Supreme Court of Justice (Portugal)
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The Supreme Court of Justice (Portuguese: Supremo Tribunal de Justiça, pronounced: [suˈpɾemu tɾibuˈnaɫ dɨ ʒuʃˈtisɐ]) or STJ is the highest court of law in Portugal without prejudice to the jurisdiction of the Constitutional Court.
The judges of the STJ are titled "Counselors" (conselheiros). Its President is elected by and from among the judges of the court.
The competences of the Supreme Court of Justice are the following:
- To try the President of Portugal, the President of the Assembly of the Republic and the Prime Minister of Portugal for crimes committed during the exercise of their office;
- To harmonize rulings by setting uniform jurisprudence;
- To hear appeals in matters of law;
- To try crimes committed by the members of the Supreme Court, of the Courts of Appeal or Public Prosecutors.
The Supreme Court of Justice was created in 1833, in the scope of the separation of the Judicial power from the others, dictated by the establishment of the Portuguese Constitutional Monarchy.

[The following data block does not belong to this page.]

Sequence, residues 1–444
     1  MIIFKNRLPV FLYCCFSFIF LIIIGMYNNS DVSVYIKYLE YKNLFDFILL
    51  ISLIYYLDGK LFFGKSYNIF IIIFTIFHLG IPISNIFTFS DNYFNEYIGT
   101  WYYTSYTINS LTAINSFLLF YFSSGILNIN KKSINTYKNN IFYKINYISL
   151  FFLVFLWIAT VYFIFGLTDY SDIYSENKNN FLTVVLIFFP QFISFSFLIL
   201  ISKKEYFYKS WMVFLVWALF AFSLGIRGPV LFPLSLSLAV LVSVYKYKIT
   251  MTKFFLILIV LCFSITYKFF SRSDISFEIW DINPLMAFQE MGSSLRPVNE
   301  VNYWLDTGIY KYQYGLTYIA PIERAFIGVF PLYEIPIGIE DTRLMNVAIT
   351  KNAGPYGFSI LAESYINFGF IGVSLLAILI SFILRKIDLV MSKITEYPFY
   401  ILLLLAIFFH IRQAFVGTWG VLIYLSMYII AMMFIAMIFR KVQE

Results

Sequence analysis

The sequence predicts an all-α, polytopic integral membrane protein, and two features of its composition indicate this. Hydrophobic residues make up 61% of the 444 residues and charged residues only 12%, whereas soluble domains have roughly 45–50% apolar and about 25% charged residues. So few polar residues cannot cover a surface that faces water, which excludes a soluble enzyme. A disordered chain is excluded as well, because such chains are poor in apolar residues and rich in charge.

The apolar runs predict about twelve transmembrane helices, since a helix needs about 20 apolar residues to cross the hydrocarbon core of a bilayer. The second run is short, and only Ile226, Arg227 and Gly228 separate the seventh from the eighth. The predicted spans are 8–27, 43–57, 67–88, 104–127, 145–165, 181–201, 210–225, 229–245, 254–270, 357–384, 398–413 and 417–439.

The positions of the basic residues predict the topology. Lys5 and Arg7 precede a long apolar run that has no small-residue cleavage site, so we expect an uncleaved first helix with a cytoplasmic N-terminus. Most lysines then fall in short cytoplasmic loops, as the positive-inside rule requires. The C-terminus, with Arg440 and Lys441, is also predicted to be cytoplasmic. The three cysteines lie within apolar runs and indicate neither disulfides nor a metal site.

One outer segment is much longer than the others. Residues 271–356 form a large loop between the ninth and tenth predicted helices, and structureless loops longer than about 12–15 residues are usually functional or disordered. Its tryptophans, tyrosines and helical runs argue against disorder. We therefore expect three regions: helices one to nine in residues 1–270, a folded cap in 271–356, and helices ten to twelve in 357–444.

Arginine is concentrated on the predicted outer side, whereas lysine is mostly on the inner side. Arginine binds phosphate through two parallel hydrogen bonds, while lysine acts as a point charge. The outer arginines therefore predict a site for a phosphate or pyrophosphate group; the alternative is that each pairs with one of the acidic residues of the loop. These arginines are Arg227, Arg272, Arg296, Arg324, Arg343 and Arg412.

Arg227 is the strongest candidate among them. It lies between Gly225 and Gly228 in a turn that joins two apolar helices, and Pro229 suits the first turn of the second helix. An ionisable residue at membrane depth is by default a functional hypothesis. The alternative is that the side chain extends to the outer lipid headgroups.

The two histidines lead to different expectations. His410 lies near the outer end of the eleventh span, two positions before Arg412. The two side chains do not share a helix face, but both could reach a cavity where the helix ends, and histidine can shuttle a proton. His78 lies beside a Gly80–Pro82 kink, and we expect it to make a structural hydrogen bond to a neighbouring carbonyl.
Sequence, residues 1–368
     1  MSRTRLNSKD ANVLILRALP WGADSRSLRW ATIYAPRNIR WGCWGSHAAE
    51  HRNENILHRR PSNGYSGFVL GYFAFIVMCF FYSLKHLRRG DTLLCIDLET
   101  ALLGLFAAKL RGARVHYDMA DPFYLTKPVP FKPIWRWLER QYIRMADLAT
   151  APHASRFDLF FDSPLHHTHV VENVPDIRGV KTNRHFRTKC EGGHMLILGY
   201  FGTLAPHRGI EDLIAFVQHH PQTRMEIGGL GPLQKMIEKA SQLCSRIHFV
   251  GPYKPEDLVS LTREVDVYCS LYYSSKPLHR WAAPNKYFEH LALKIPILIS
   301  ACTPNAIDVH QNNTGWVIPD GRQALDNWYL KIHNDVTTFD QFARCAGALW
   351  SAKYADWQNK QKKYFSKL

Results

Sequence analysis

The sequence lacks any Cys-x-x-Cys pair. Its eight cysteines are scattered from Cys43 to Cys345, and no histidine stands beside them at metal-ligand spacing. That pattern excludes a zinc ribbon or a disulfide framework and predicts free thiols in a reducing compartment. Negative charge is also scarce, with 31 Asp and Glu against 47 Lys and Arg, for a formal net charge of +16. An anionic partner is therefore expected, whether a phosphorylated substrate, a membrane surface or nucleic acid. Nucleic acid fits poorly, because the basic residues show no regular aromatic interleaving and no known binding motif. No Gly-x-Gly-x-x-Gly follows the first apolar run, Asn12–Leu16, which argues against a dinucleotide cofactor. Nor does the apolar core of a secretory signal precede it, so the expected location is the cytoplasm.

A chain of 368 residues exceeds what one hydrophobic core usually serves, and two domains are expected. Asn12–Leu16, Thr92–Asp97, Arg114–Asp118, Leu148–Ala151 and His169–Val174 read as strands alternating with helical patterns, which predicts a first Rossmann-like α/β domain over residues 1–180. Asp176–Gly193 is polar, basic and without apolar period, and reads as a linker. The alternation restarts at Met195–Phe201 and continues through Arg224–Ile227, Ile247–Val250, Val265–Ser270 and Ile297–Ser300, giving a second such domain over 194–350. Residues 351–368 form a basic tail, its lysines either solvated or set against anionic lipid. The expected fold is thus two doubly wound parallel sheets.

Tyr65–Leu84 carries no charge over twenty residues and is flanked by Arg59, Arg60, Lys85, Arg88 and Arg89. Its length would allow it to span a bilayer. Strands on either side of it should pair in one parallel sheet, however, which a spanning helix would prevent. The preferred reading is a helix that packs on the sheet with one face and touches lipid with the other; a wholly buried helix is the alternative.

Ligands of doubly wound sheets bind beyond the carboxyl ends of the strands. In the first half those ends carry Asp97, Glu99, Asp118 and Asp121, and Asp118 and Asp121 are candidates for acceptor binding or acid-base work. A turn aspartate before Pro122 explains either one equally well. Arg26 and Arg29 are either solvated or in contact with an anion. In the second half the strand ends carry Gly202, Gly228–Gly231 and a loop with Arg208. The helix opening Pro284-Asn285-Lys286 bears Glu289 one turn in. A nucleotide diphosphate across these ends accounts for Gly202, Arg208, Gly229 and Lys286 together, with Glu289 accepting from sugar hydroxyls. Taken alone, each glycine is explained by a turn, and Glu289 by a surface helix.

The STJ replaced the ancient higher courts of the Kingdom, namely the Board of Conscience and Orders (Mesa da Consciência e Ordens) created in 1532, the Desembargo of the Palace (Desembargo do Paço) regulated in 1533 and the Council of State (Conselho de Estado) regulated in 1562. The judges of the STJ inherited the title of "Counselors" until then worn by the members of the Board of Conscience and Orders and of the Council of State.
- Judiciary of Portugal
- Politics of Portugal
- Constitution of Portugal
- Official website(Portuguese)